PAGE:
The day before Halloween I accompanied my wife, Janet, to a downtown hospital where a surgeon we’d met only once before operated on her hiatal hernia. (Her upper stomach was pushing through her diaphragm.) Shortly after the operation began, the tool used to move her liver aside caused it to bleed. The procedure stalled while the surgical team stemmed the loss of blood. The scheduled five-hour surgery, recovery, and overnight hospital admission turned into a day-long one.
Losing a lot of blood, under general anesthesia, left Janet’s body near a state of shock. (Her doctors didn’t say that word to me, but her vital signs were terrible: blood pressure, hemoglobin, red cell count, blood oxygen level, several other blood markers were dangerously low. She was pale and dry.) Her care team stabilized her, but a simple procedure to remove gastric reflux had led to a life-and-death nightmare. A brief overnight stay slowly turned into a four-day one.
The medical crew worked hard, but soon over-infused Janet with fluids. The tissues of her body became overly saturated. Including her lungs. We didn’t know about this new danger until one of the consultants (people in white coats who enter your room, don’t introduce themselves, examine some part of you and walk out) let slip that he was listening for pneumonia. And another let slip that Janet might have what a layman would call a collapsed lung.
Episodes like that make one crave more information. Based on this and other hospital experiences, however, I’d say the medical staff is usually not forthcoming. Example: I arrived at 10 a.m. the third morning and saw that Janet did not have her usual drip bag running in her arm. “What’s new?” I asked the nurse. “Nothing, she’s the same,” she said.
“She doesn’t have a drip bag today,” I said.
She said, “Yes, they took it out.”
“Why? What’s the game plan here?”
“Oh, the doctor wanted it out.”
That was a typical exchange with that nurse.
Enough anecdotes. Christmas is coming, and I must end this series. I’ll offer some of the lessons I promised.
Lesson One: Nurses, bless them, angels that they are, are not always willing to give you information about your condition. Even when they take a routine temperature or blood pressure, they usually won’t tell you the result unless you ask. They also won’t tell you the doctor’s game plan. Perhaps the doctor didn’t tell them. But then again, maybe he/she did, but the nurses are wary of being reprimanded because the doctor wants to control how much you know.
After the nurse said, “Oh the doctor wanted it out,” something snapped in me. After years of arriving at a hospital and being told, “Oh, Dr. X was here this morning. He’ll be around again tomorrow,” I said, “I want to talk to whichever physician is on call. Now.”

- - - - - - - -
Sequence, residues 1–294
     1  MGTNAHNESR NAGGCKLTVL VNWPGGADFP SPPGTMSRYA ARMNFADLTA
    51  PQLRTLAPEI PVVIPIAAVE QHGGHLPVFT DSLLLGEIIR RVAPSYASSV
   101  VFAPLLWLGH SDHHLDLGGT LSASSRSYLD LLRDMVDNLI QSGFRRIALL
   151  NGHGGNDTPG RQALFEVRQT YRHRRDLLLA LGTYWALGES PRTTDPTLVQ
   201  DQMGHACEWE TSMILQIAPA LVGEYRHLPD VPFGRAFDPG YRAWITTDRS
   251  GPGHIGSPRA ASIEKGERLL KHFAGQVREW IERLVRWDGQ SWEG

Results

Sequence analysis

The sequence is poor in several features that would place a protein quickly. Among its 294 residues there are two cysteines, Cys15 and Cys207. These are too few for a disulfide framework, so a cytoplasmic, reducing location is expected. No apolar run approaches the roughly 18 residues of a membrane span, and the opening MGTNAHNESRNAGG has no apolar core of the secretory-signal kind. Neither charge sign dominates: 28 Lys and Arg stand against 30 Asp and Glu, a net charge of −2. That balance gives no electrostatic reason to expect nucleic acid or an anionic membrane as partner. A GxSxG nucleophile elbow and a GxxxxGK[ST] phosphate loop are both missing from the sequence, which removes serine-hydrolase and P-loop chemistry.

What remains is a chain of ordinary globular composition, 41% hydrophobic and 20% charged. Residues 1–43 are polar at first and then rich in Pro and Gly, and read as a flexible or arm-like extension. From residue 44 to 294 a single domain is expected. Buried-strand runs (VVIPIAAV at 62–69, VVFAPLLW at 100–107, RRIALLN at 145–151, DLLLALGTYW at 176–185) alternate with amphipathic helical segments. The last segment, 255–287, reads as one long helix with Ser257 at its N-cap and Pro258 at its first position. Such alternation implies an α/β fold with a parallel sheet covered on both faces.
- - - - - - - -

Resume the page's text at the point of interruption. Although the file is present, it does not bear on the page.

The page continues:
“He’ll be around later on today, you can ask him then.”
I said, “That won’t do. I want to see him now and learn what’s going on.”
And the resident who was the doctor’s assistant came to see me within 10 minutes and he was nice and I felt better after seeing him.
Lesson Two: There’s always a physician on call. In this case, he was actually on the same floor, 50 feet away from me. You have the right to see him. He is not doing you a favor. You are the customer. He is obligated to see you. (Caution, though: This applies to the patient’s medical representative, and not to each family member or friend who arrives at staggered times seeking the same update.)
Lesson Three: During the entire time Janet was at this hospital, she had a roommate who played her television day and night at high volume. This kind of aural assault on a sick patient is inexcusable. Some hospitals require TV users to wear earphones. This one didn’t. Even when Janet’s roomie was out of the room, the nursing staff and doctors allowed her TV to keep blasting. Go to a hospital where they don’t allow that. Or learn to stick up for yourself and complain. Rest and quiet are essential to recovery.
Lesson Four: We kept waiting for someone from the gastroenterologist’s office to show a sign they cared how she was doing. After all, this specialist had recommended the type of surgery and the specific surgeon and the hospital that had treated her. No one did. And your specialist will probably not come see you. Their excuse is that you’re in someone else’s care. After Janet left the hospital, the surgeon expected that her post-op health care would be provided by her primary care physician. In effect, she was placed in Limbo.
Lesson Five: Limbo is not a health-promoting place. Janet came home on a Thursday afternoon, coughed all day Friday, with a low-grade fever, and was admitted to Chestnut Hill Hospital via the emergency room on Saturday morning with pneumonia. I mention the name of Chestnut Hill Hospital because they took good care of her for the next five days.
Lesson Six: Once she was finally home, after nearly two weeks in hospital, she could begin recovering from her stomach surgery. It’s now been nearly a month. She’s up and around, has been to the gym and has regained her admirable sense of humor. Husbands: You can finally relax when your convalescing wife gets her brows waxed and starts wearing headbands to hold her silver-vixen hair in place again.
PS: Thank you all for your support and numerous inquiries about Janet’s health. I apologize for making the first parts of this story end as cliffhangers.